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Ovarian Cancer and Weight Management

As noted by the National Cancer Institute:

Having excess body fat as measured by body mass index (BMI), including during the teen years, increases the risk of ovarian cancer. Diet and nutrition during the teen years may play a role in prevention.

We know that being overweight is not good for overall health as well as may increase your risk for ovarian cancer. The BMI chart is one way to see where your weight falls. Use this calculator to find your BMI now. If obtaining the "normal" weight range according to this chart is unachievable for you, you may even see health benefits with as little as a 10 percent weight loss.

Healthy eating and increasing your level of physical activity can help you lose weight. The American Institute for Cancer Research provides excellent guidelines to help you achieve a healthy body weight.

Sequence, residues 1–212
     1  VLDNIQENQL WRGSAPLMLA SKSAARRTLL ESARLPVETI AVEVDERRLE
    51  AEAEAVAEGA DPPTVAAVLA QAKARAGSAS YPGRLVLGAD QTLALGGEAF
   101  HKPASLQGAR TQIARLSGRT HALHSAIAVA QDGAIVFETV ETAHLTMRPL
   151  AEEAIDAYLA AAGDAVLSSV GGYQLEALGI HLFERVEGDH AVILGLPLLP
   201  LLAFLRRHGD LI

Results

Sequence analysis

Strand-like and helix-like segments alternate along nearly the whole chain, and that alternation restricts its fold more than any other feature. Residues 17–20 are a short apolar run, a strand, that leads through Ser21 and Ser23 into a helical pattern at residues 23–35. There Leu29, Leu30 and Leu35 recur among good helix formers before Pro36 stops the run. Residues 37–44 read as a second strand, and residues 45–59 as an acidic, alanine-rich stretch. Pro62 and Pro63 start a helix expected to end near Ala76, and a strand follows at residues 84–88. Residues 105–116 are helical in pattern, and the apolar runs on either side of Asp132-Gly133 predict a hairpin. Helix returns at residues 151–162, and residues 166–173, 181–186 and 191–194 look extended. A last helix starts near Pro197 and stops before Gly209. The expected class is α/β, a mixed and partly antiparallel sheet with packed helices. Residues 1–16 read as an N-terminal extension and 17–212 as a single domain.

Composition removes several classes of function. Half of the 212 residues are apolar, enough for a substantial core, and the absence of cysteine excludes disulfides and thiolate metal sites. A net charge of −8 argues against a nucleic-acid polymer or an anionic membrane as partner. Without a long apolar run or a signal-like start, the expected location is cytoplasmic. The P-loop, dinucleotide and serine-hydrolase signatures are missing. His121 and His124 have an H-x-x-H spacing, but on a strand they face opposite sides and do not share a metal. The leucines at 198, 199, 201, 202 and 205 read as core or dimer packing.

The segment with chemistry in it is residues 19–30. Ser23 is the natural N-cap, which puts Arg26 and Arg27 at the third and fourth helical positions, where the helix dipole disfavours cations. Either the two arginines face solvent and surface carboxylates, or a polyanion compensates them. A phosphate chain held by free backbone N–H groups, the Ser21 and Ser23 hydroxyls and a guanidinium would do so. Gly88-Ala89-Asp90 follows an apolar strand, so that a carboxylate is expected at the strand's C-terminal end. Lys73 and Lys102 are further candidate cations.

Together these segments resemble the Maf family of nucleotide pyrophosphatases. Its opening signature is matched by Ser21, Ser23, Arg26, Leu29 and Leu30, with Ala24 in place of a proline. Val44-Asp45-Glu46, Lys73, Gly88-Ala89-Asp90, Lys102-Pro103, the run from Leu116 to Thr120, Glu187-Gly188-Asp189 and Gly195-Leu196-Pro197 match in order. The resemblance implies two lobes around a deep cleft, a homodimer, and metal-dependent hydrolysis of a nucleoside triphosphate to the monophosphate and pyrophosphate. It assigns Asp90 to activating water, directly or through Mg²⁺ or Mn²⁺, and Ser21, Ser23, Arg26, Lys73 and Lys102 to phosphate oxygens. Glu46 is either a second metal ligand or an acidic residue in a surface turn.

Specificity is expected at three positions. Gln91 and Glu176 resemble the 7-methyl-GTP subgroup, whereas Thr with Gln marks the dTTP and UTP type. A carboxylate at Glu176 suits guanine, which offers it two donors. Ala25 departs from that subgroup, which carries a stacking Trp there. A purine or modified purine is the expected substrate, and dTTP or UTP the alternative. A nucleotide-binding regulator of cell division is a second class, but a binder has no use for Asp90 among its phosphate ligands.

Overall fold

Other Suggestions

  • Keeping a food journal. Food journals are excellent tools to help you identify areas for improvement.
  • Increase fruit and vegetable consumption to nine servings per day. This helps you feel full on a lower calorie intake plus provides you with excellent cancer fighting compounds such as antioxidants and phytochemicals.
  • Eat at least three meals per day. It is a well known fact that people who skip breakfast, tend to eat more calories later on in the day. This pattern of eating may also decrease your metabolism.

Click here to view more recipes or call 215-829-6560 to make an appointment with a registered dietitian.


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Need an appointment? Request one online 24 hours/day, 7 days/week or call 800-789-PENN (7366) to speak to a referral counselor.

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